My favorite movie growing up was “Muppets from Space.” It was a messy, psychedelic trip of a film my parents had on VHS. The main song on the groovy soundtrack was Earth, Wind & Fire’s “Shooting Star.” 

When I heard No Jackets Required (NJR) was putting on a space-themed show this weekend, I crossed my fingers in the hopes they’d cover this groovy tune. And they did.

“Man,” my roommate said, “this is groovy.” 

My roommate and I like going to NJR shows and dancing around like a couple of maniacs. We’ve seen all of the ensembles, from the rock band concerts in the May Room to the acoustic jam sessions in the tunnels. 

On Saturday, the Drama House was decked out for the house show called the “Final Frontier,” featuring all songs about the sun, moon, and stars. A ragtag group of musicians carrying various instruments milled around in space gear. In line for the bathroom, I talked to a bass player wearing a dress with tentacles trailing down the skirt. I thought she looked cool. 

“Thanks,” she said. “Do you think I look like an alien?”

She did. Other kids looked like aliens, too. There were galaxy tights, glow-in-the-dark glitter face paint, and yellow stars plastered onto cheeks. One kid was wearing an actual alien costume, peering through black slits in a green morph suit. We sang along to songs we knew, like CCR’s “Bad Moon Rising” and David Bowie’s “Space Oddity.” And we swayed gently to songs we didn’t, like “Stars and Planets” by Liz Phair and “Black Hole Sun” by Soundgarden.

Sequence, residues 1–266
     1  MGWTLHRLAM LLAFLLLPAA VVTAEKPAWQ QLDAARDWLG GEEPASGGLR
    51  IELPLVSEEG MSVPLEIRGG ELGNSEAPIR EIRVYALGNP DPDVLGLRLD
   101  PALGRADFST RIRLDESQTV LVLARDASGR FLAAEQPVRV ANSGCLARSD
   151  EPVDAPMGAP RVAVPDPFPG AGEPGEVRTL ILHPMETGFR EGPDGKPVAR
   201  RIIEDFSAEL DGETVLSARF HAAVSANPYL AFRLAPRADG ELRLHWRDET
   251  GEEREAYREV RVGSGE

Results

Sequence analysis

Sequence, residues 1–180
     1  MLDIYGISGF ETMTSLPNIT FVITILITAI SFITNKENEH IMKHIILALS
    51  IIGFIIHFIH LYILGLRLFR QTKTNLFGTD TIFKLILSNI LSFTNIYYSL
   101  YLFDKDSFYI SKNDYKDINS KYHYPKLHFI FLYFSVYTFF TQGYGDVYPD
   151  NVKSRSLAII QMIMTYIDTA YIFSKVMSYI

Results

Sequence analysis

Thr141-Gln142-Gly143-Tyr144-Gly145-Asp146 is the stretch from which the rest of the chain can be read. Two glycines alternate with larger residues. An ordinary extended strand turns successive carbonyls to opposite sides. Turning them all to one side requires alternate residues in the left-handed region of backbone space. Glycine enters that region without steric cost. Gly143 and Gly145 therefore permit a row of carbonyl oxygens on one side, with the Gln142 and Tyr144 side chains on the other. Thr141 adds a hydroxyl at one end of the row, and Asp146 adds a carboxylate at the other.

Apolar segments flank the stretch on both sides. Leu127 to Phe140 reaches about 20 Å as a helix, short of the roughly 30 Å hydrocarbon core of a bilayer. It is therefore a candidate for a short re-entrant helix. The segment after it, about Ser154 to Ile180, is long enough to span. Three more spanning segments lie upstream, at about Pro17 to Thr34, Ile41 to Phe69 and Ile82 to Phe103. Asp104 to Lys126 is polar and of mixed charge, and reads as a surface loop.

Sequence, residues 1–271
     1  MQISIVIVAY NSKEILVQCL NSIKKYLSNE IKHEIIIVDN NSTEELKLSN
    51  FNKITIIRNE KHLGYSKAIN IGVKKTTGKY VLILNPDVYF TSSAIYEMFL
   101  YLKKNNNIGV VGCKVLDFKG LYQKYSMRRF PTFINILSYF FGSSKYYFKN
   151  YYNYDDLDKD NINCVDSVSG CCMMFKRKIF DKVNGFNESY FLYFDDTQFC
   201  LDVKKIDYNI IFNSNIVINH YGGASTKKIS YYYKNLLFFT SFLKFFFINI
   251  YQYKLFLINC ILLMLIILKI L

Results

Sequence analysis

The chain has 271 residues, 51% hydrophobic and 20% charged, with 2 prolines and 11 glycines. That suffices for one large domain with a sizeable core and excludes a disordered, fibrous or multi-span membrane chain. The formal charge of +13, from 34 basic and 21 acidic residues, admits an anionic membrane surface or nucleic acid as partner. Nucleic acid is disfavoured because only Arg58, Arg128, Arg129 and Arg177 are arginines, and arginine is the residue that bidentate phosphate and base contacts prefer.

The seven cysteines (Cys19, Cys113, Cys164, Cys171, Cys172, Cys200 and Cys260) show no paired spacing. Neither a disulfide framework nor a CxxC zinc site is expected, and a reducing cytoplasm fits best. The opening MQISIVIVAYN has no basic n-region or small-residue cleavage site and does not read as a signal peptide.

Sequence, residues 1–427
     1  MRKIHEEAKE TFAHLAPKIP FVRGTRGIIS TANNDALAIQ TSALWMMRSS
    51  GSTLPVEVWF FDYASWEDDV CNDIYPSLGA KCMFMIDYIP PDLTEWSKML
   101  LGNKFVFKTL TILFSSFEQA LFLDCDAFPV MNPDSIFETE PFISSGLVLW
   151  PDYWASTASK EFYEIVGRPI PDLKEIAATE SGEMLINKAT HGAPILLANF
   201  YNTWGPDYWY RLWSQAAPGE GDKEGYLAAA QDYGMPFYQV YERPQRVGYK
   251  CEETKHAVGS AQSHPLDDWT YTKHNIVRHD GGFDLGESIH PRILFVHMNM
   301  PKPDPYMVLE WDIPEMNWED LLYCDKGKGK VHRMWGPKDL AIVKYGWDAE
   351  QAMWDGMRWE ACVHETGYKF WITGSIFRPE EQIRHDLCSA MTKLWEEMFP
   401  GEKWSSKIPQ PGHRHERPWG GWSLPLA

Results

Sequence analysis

The concert was packed. But it was also more lowkey, as my roommate said, than the rest of the shows we’ve been to. As a big NJR supporter, I can tell you that I’ve rarely seen anyone sitting down during a show. But last night, my roommate and I found ourselves seated on the floor, rocking band and forth to the gentle harmonies of “Here Comes the Sun.” 

It wasn’t that we were bored. We were just … vibing. 

There was a range of music for everyone, and a lot of the songs involved the majority of the NJR group. Members were crammed onstage for both Europe’s “The Final Countdown” and more swanky, jazzy bits like “Fly Me to the Moon.” 

There were songs featuring saxophones, trumpets, cellos, a French horn, and a piano. Some of them were out of tune, and it took some of the players until mid-song to notice. Once they did, they fixed it quickly with overlapping vocals and quick instrument swaps.

But that’s how it goes in the NJR house shows. While the rock band ensemble is smaller and tighter, the house shows feel more like a giant jam session for all kinds of musicians. The auditions to join the group are casual, and everybody gets a chance to play in the performances. Three girls bopped in front of microphones for “Walking on Sunshine” while three boys sang Blink-182’s “Aliens Exist.” The two highlights, in my opinion, were “The Sky is a Neighborhood” by the Foo Fighters and “Gravity” by John Mayer, two songs totally transformed from their original sound into fervent covers.

Later, walking down the drama house steps into the snow, my roommate said the show was more mellow than any other she’s seen. “A kickass time, though,” she said, right before she caught me as I slipped on the last step. “Kickass music, too.”

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